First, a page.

Matt Hamlin

My New Website

Over the past 2 or three weeks I have been both busy at work and also busy outside of work. Most of my work that I have been doing outside of work has been devoted to this website. I originally made this website in (apparently) October of 2015, and since then I have redesigned the site only about 5 or 6 times, each time fully re-hauling the entire infrastructure and design language. These past two or three weeks have been spent building out an infrastructure that will hopefully be a bit easier to manage. I still will do a ton of things manually, however I generally prefer to touch the code myself more often than not 😄.

I wanted to write out everything that I have done, and also talk a bit about the code that I am using to build this site. Don’t worry if you don’t know that much about web development you can still read along most of this post will be really low level stuff.

I wanted to start this off with a brief timeline of all the visual changes I have made to my site. Unfortunately the css for the site snapshots on the Wayback machine doesn’t seem to load (either that or it didn’t collect the css). In fact I can only find one version of the site that has working css at all and unfortunately this version also rendered part of the site via JS so that doesn’t show up either1. The version that I can find is here. I had just found out about skeleton-css and wanted to put it to use in my own website. I loved this version of my site, it was clean and also a bit colorful.

The current version of the site, shown below in case it changes in the future, is broken down into basically 4 page types as it is now. The first is the home page the second is my resume, the third is my blog archive, and the fourth is the layout of a blog post.

Landing Page
Landing Page
Resume Page
Resume Page
Archive Page
Archive Page
Blog post page
Blog post Page

The Design:

I originally came up with the current basic design in June of this year, having a very simple and minimal landing page really excited me. I wanted to make it very easy for visitors to know just how much I like to keep things minimal.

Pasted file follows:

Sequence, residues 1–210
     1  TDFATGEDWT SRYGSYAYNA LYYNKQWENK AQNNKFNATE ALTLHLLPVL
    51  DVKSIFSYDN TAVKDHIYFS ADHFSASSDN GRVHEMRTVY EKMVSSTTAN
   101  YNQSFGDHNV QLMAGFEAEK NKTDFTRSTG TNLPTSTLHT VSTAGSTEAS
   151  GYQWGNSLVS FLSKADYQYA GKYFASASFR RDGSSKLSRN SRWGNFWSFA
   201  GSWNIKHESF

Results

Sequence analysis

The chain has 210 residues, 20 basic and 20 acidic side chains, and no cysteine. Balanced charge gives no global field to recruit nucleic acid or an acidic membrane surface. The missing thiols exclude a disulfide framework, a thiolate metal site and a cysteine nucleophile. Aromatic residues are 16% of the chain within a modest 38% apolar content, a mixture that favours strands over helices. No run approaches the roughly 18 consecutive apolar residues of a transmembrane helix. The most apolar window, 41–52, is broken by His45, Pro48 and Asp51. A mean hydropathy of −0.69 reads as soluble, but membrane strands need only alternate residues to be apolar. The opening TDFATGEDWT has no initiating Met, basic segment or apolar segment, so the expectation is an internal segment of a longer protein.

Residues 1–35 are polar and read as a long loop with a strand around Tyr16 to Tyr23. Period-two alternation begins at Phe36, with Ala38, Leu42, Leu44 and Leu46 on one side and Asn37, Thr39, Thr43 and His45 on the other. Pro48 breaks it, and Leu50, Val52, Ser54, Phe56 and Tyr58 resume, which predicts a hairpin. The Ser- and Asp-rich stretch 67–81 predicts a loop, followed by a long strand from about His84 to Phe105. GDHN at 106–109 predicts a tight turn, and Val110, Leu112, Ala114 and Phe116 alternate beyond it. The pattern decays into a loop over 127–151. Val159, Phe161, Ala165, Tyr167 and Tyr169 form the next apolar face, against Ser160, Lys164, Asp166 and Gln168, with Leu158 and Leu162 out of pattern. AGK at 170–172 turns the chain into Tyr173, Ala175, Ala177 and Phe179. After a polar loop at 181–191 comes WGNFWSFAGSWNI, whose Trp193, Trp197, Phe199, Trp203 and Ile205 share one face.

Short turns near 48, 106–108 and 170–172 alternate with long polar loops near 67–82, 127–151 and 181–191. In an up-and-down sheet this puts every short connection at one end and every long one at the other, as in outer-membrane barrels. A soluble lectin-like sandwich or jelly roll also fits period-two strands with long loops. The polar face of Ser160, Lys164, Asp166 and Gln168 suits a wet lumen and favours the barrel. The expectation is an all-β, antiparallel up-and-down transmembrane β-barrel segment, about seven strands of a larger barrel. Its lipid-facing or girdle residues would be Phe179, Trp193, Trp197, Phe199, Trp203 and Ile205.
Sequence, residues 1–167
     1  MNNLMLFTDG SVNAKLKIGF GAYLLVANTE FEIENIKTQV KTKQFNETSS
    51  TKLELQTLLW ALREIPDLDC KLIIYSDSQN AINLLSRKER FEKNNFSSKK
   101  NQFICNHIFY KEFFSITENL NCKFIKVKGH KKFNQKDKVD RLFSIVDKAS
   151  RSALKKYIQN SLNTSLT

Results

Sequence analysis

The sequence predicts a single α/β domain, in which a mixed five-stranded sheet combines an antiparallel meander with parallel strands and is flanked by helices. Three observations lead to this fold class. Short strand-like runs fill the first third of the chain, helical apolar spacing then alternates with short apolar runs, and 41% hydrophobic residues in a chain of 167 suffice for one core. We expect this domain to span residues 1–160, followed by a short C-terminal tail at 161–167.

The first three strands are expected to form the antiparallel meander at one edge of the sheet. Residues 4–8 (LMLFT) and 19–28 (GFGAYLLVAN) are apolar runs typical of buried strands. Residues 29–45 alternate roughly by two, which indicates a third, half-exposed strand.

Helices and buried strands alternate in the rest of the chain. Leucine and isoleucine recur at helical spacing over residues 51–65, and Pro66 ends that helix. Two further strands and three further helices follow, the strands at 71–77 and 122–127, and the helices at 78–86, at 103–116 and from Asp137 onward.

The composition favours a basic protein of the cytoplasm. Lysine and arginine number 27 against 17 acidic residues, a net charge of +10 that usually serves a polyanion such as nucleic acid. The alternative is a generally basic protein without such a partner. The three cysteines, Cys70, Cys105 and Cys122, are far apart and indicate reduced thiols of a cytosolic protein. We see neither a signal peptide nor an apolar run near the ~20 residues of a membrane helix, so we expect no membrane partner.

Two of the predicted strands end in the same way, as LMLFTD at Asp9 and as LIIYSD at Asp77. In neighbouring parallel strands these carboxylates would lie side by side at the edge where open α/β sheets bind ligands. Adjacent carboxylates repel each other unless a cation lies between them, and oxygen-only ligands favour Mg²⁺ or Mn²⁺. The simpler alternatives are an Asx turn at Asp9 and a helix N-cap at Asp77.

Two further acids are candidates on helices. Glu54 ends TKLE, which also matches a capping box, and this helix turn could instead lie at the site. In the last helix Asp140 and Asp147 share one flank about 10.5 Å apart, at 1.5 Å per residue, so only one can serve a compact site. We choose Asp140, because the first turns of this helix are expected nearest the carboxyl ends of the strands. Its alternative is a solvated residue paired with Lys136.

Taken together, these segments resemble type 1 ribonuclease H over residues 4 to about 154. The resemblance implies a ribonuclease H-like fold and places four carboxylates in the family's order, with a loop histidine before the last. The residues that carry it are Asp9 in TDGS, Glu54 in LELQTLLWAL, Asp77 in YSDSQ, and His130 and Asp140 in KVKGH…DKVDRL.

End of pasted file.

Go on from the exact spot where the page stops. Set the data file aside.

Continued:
Any good design article wouldn't be good without showing off the various design assets used across the site, so below is a quick demonstration of the various assets I used when designing and developing this version of the website.

Code:

I was going to try and add an interactive file structure map here on this article but figured it would be easier to discuss it. My entire site is built off of HTML and CSS. I don't use any JS simply because I don't need any javascript for functionality. All my HTML is hand written and I use emmet to help in writing it efficiently. All my css is compiled from SCSS files. I do the compiling myself on my machine before pushing to Github because Github doesn't handle compiling when pushing new commits.

For compiling my SCSS I use Grunt, and I know its now considered an out of date build system but I like it and I find it works pretty well for what I need it to do.

For the most part that is the site. Everything is wired up is done by hand, I do this because I really enjoy touching code. So whenever I make a new post I copy my template html, edit in the title's and other data and then add a link back to it from the archive page when I am ready to publish it.

Footnotes:


  1. To combat this in the future I plan on making a snapshot branch on Github and forking those out into their separate repos (maybe).